Het altaar van het Antwerpse kuipersgilde en Quinten Massys'Bewening te Ottawa

in Oud Holland – Journal for Art of the Low Countries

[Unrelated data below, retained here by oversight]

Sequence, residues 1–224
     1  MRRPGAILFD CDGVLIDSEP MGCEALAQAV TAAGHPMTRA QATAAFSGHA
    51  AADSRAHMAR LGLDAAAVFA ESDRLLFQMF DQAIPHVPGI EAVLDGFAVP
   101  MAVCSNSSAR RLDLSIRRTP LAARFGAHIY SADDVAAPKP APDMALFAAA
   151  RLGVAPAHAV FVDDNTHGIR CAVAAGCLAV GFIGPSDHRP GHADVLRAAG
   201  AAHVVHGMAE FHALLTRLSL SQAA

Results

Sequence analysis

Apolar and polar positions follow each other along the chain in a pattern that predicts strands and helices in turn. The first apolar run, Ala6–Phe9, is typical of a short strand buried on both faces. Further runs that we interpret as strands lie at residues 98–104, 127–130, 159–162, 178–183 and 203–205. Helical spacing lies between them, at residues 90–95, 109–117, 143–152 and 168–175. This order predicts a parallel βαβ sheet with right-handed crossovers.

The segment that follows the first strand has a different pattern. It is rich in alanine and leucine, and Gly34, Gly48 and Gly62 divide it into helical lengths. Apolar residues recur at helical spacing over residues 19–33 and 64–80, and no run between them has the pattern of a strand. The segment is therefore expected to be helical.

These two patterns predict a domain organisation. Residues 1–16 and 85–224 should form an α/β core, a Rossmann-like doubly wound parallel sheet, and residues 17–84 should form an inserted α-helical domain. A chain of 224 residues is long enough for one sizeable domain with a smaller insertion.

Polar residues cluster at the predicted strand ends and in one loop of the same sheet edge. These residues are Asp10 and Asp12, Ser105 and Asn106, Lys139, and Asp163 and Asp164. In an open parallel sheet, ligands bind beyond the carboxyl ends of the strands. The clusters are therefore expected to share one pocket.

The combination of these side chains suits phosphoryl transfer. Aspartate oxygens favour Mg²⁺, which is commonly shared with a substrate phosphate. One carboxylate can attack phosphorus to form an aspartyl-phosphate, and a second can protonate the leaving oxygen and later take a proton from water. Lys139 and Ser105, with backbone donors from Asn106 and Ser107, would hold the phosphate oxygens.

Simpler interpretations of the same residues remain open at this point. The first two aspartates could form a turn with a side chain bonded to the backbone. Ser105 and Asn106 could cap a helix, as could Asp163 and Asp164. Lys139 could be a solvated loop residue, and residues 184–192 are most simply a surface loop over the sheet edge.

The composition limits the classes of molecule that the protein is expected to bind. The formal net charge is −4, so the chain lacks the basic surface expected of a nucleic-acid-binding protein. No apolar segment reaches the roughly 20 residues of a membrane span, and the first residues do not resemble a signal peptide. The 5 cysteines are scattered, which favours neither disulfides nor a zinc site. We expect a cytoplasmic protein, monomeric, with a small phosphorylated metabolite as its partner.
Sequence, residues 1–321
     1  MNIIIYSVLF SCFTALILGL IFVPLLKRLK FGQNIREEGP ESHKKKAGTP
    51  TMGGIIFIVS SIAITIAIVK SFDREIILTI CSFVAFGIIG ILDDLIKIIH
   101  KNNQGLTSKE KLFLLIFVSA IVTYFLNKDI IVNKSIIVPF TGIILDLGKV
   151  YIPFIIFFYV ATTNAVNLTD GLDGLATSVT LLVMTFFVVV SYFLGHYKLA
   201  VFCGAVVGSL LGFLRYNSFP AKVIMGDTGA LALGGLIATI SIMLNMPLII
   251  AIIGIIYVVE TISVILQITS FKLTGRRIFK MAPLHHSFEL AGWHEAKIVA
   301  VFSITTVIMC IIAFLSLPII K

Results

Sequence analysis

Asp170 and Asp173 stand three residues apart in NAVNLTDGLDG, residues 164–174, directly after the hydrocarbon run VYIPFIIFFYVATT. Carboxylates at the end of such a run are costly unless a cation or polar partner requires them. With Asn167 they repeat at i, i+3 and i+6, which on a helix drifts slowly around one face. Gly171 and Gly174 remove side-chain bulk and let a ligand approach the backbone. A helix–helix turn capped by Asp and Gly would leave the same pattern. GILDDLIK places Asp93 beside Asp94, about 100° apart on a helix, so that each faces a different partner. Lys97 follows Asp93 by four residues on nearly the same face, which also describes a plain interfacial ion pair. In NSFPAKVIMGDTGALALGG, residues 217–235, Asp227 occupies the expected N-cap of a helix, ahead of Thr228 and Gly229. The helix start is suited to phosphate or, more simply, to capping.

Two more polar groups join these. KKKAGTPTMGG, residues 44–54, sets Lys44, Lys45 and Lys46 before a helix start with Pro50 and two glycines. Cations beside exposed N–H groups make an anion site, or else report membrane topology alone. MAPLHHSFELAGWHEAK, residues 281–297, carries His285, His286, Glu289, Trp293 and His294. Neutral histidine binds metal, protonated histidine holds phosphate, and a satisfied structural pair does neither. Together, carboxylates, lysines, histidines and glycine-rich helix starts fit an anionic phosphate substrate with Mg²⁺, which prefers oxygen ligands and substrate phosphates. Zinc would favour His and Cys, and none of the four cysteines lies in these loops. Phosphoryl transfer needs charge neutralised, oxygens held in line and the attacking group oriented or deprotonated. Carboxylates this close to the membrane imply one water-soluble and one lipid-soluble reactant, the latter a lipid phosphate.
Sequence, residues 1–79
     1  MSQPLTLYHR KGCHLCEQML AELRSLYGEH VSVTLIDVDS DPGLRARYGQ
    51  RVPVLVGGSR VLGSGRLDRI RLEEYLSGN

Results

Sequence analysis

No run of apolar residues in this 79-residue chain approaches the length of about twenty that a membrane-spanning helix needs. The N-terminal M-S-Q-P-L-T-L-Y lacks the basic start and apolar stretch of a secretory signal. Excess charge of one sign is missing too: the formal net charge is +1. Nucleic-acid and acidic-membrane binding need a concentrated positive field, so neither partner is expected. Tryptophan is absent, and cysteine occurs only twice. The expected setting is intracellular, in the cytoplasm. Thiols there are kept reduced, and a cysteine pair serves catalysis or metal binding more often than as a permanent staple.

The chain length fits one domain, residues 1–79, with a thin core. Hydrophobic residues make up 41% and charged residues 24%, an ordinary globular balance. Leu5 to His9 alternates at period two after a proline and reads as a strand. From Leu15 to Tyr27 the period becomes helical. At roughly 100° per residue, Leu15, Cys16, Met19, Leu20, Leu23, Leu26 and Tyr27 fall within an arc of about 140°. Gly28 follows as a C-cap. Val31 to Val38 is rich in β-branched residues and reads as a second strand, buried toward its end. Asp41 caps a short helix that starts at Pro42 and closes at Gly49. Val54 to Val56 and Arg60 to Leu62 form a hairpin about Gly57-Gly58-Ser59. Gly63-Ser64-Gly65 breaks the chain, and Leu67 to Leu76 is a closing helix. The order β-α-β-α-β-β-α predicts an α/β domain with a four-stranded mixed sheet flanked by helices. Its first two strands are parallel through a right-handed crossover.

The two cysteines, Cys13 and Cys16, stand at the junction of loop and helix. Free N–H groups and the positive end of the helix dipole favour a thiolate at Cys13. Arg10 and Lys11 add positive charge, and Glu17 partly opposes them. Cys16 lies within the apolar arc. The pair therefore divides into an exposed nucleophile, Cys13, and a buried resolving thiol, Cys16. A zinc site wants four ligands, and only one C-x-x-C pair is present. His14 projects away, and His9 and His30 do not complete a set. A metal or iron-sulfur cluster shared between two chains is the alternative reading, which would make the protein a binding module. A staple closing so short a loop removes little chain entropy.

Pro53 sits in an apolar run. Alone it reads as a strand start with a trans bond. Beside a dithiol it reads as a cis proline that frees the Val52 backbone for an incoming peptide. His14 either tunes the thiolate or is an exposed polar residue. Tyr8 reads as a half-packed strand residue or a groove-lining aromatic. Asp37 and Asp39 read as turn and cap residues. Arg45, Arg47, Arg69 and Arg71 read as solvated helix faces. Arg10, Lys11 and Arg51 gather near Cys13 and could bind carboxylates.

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The Altar of the Antwerp Coopers' Guild and Quinten Massy In 1938 two distinguished scholars, Max J. Friedländer and Floris Prims, one a reknowned connoisseur of Early Netherlandish painting and the other an indefatigable digger in the Antwerp archives, published articles that might well have bearing on the same picture, yet have never been connected either then or later. From the evidence collected by Prims (notes 2 to 7) it appears that the Antwerp coopers, after having separated from the joiners with whom they had shared a guild until 1497, obtained an altar of their own in Our Lady's church. A picture standing on this altar is mentioned first in 1655. It is described as representing The 'Afdoening' of Our Lord from the Cross with two doors (the term 'afdoening' being used to describe a Deposition as well as a Lamentation). An inventory of 1660 gives the same description with the addition 'made by Quinten Massys'. The altar survived until about 1680, when a new marble altar with sculpture and paintings was ordered; this was completed by 1684 and the old altar-piece was hung above the entrance door of the guild room without the doors being mentioned. It was sold in 1697 when the guild had run into financial trouble. Half a century later the painter Jacob de Wit still knew of it and described it as showing 'figures smaller than life, Christ taken from the Cross with Our Lady, St Mary Magdalen and others, (....) by Quinten Massys, the second painting he did, not quite as good as the one in the Cirumcision chapel [originally on the altar of the joiners; fig. 2]; it was sold but is still in the town' (note 3,). Friedländer, for his part, concluded that the Lamentation which was to be purchased by the National Gallery of Canada in 1949 'cannot be regarded as anything but an early work by Quentin' (note I). This attribution, which had earlier been refuted by Baldass, was then disputed by Silver (note II). This author considered the Ottawa picture a somewhat later pastiche after a lost Lamentation in Massys' mature style of which a fragment in Berlin, showing s'Lamentation in Ottawa a weeping woman (wrongly called Mary Magdalen), resembles one of the mourning women in the Ottawa Lamention (fig. 7). This theory is however contradicted by the picture's quality and seems to be prompted by a mistaken reconstruction of Massys' early development (see below). Similarities between the Lamentation and other early works that can be ascribed tot Massys (figs 3 and 17) are obvious though the course of his development prior to the great altar-pieces of 1507-1511remains in many respects unclear. When attempting to bring some light to the chronology of Massys' works from about 1491 (when he left Louvain for Antwerp at the age of 25) to 1507, one may take into account three medallions that have been attributed to him, two of them being dated 1491 and one 1495 (notes 18-24). They may be loosely associated with features that recurr in the Lamentation. An Italian-style medal of William Schevez, archbishop of St. Andrews, who stayed for a few months at Louvain in 1491, raises the question of whether the same sitter may be recognised in a painted portrait, which would then be Quinten's earliest datable picture (figs 8 and 9). The portrait of the artist himself, dated 1495 (fig 10), was in great esteem and provided the prototype for a print by Jheronimus Wierix (published by Lampsonius in 1572), where the bust was extended to a half-figure; it was also copied in an oval painting that was reproduced in a work by Frans Francken II (figs. I and IIa) and it was probably that very painting which was owned by the Antwerp guild of St. Luke and was considerd an original self-portrait when it was confiscated by the French in 1794 (and subsequently disappeared). It seems likely that the medallion's date of 1495 provides a terminus post quem for the Ottawa Lamentation. A more precise date may be inferred from the obvious borrowings from the Lamentation found in a large triptych in Lisbon (figs 13 and 14). This work may be attributed to one 'Eduwart Portuga



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